CALGARY, AB --
If John Gaudreau
's early-season performance with Boston College is any indication, he may have been the steal of the 2011 NHL Entry Draft.
In four games, Gaudreau has two goals and six points. He is second in team scoring and is just one point behind Boston's leader and fellow Flames prospect, Bill Arnold. He isn't showing any signs of slowing down either, something that has greatly pleased the Flames brass.
He was selected in the fourth round, 104th overall, this summer and there was whispers that he is one of the - if not the - most skilled players in the entire draft pool. The only thing scaring teams away from drafting him earlier was his size. Standing 5-foot-6 and weighing 141 lbs, Gaudreau isn't exactly the picture of intimidation. His baby-faced mug doesn't help either.
That being said, he excelled at the USHL level with the Dubuque Fighting Saints and was named USHL's rookie of the year last season. He managed 36 goals and 72 points in 60 games during the 2010-11 campaign and was one of only two members of his team to hit the 60-point plateau.
The Fighting Saints went on to capture the Clark Cup last season with Gaudreau adding five goals and 11 points in the 11 postseason games Dubuque played.
Gaudreau could have continued his career with the Fighting Saints but opted to head down the NCAA path instead.
Originally, he had committed to playing for the Northeastern University Huskies but after former head coach Greg Cronin resigned to take a position with the Toronto Maple Leafs, the New Jersey native was released from that commitment.
Several schools were interested in Gaudreau's services but in the end, he opted to play for Boston College. The Eagles have been a powerhouse in the NCAA over the past decade, picking up three championships since 2001, with their most recent victory coming in 2010.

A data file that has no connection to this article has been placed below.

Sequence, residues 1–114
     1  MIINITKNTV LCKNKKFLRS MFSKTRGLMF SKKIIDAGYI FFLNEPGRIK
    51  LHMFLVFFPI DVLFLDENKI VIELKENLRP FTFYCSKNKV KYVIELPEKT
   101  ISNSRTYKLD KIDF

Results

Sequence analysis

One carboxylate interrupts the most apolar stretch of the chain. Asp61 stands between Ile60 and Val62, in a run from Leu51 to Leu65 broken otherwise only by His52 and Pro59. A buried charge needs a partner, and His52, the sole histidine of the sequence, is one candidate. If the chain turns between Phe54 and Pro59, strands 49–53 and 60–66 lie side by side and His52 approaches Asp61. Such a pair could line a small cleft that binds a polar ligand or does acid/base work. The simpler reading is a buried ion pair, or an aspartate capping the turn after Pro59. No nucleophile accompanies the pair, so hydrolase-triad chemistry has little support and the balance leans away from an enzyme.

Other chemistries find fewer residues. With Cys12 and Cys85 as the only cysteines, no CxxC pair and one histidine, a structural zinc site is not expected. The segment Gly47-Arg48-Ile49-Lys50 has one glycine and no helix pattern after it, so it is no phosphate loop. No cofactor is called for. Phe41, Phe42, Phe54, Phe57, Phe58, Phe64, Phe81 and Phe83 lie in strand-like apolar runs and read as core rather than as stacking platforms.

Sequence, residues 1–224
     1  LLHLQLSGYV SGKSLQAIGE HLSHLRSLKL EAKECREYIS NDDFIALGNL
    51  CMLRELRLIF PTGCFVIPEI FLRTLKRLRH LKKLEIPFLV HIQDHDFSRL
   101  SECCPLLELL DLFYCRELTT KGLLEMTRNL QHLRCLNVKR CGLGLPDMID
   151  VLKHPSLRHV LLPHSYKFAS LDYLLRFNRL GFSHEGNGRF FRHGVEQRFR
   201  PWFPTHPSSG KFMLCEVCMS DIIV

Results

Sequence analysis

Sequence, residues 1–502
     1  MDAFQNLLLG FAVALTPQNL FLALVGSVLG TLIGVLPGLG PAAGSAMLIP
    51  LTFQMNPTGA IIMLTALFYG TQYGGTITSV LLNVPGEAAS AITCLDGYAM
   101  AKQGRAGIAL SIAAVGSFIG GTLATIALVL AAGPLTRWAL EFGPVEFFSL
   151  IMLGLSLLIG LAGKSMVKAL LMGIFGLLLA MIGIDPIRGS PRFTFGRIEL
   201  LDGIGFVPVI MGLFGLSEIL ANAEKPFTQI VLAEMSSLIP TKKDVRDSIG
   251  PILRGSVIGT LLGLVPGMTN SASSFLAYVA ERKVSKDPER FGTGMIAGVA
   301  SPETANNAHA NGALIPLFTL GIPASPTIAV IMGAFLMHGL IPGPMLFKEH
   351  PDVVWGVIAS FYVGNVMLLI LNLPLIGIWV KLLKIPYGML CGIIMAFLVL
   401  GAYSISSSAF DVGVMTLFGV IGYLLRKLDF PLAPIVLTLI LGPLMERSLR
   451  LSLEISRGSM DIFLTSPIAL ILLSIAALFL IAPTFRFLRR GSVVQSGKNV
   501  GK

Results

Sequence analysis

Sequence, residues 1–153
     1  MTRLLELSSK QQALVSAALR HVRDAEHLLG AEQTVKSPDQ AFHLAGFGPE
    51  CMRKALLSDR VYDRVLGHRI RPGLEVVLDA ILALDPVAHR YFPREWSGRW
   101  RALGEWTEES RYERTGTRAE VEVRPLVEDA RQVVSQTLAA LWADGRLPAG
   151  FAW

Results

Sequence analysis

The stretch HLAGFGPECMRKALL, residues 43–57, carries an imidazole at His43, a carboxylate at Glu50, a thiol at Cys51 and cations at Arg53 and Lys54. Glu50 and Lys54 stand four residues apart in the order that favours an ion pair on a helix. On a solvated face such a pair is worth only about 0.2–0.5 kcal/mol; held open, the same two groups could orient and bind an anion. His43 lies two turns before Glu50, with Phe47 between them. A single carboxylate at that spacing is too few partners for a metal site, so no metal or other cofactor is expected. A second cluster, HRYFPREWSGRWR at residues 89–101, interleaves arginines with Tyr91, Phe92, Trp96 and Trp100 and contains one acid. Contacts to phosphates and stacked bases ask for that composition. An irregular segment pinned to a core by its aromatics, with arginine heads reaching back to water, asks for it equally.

Boston is off to a great start this season, posting a 3-1-0 record. They've averaged 3.92 goals-per-game and have only allowed an average of 2.25 goals-per-game.
Some worried the diminutive forward wouldn't be able to cope with the physical rigors of playing with men but that hasn't been the case.
His speed and agility have been his greatest asset when it comes to shaking off checks from larger players. He's able to dodge oncoming checks without losing possession of the puck thanks to the fact the opposition rarely can keep up with him.
Another major asset is his stickhandling skills. He handles the puck better than the vast majority of his opponent, weaving through the offensive zone with a prowess rarely seen in someone his age.
Gaudreau was a standout at the Flames development camp this summer, earning rave reviews from head coach Brent Sutter.
"Anybody you’ve talked to about him, the bigger the game, the tougher the game, the better he played.
"That’s a very intriguing sign. They say he’s got great bite to his game. You don’t measure the heart of a player by how big he is."
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